Donaire eyes Arce next
CARSON CITY, California—Jorge Arce’s name came up anew as Nonito Donaire Jr.’s next opponent.
For the fourth straight fight, Top Rank boss Bob Arum said the feisty Mexican would be next in line for the Filipino Flash, in a fight that could happen as early as this December in Mexico City.
“If his hands heal, we could do that fight,” said Arum after Donaire scored a ninth-round technical knockout over former WBC champion Toshiaki Nishioka of Japan Saturday night (Sunday morning in Manila) at Home Depot Center here.
Donaire hurt the knuckles of his left hand after hammering and felling the Japanese with an uppercut in the sixth round. When members of Team Donaire removed his left glove, Donaire yelled in agony and blood trickled down his hand still wrapped in tape.
The General Santos City fighter intimated that he would love to be in the undercard of the Manny Pacquiao-Juan Manuel Marquez IV on Dec. 8, but his manager Cameron Dunkin said that wouldn’t be possible as HBO has other plans for him.
Dunkin said Donaire could fight Arce but the Mexican showboat has already “priced himself out of the market” by asking asking for a purse of more than $1 million.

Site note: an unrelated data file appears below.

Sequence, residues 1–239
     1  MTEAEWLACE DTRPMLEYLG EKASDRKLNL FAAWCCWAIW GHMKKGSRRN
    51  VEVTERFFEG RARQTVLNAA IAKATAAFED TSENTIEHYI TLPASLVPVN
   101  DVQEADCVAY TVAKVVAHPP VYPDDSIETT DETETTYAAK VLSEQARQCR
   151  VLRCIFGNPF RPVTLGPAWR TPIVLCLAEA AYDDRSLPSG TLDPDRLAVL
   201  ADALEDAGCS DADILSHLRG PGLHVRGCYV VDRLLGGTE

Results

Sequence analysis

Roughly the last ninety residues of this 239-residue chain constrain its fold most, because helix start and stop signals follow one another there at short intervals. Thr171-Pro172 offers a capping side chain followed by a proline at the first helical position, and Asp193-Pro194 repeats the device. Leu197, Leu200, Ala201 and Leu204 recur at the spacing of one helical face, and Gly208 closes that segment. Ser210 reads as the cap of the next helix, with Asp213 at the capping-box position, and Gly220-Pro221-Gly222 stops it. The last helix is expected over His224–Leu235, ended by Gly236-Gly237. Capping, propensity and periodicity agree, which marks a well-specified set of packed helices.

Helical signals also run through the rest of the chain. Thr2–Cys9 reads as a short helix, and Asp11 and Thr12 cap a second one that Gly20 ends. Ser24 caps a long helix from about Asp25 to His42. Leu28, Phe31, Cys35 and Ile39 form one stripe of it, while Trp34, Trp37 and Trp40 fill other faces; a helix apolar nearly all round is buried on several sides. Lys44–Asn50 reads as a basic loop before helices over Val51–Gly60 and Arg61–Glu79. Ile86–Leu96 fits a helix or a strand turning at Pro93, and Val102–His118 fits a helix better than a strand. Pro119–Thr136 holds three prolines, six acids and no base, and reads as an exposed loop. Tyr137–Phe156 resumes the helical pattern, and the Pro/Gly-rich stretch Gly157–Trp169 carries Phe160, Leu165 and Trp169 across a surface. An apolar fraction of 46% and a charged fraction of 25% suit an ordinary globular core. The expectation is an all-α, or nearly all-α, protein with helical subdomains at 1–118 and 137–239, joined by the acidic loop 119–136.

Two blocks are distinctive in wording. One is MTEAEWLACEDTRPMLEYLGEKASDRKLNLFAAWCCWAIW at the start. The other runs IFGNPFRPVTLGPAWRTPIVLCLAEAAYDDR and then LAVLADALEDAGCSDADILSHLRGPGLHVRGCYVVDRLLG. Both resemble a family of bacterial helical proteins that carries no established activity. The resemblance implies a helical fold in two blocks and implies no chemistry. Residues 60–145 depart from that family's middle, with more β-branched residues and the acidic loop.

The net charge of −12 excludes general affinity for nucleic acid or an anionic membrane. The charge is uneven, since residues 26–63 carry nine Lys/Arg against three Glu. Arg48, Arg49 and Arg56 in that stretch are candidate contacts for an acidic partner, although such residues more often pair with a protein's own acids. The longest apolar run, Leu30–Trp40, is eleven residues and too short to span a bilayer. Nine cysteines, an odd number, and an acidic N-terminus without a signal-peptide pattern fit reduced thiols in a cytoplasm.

“I would love to fight Arce,” said Dunkin. “That would be a great fight, that would be a pay-per-view fight on demand because of the Mexican and Filipino fans. Then they can share the pay-per-view revenues on top of their guaranteed purse.”
Donaire, who retained his WBO super bantamweight title, said he didn’t have anybody in particular for his next foe.
“All of the above, I mean it’s free for all,” said the Filipino star, himself unsure of the impact his victory over Nishioka would have on PPV and fan acceptance. “Whoever wants to step up to the plate, let’s go.”
Still up in the air is a possible fight with Cuban Guillermo Rigondeux, or a rematch with Vic Darchinyan or a PPV match with Mexican WBC champ Abner Mares, who, unfortunately, still has a contract with Top Rank’s and HBO’s rivals Golden Boy Promotions and Showtime.
Hands down the busier boxer all evening, Donaire dominated CompuBox punchstats in outclassing his 36-year-old foe, who gave up his WBC belt and deferred his retirement just to fight the Philippine-born, United States-raised fighter.
Donaire threw a total of 485 punches and landed 134 of them, compared to Nishioka’s 199 punches that only 49 found their marks.
Fulfilling his promise not to seek a quick end through one-punch assaults, Donaire fired 239 jabs, hitting 23 times. He also launched 246 power punches and landed 111.
Nishioka, who absorbed his fourth loss in 37 fights, made 112 jabs and connected 23 of them. He also fired only 87 power punches and only made 26. He was busy in rounds that saw him dropping to the canvass because of Donaire’s well-timed counterattacks.
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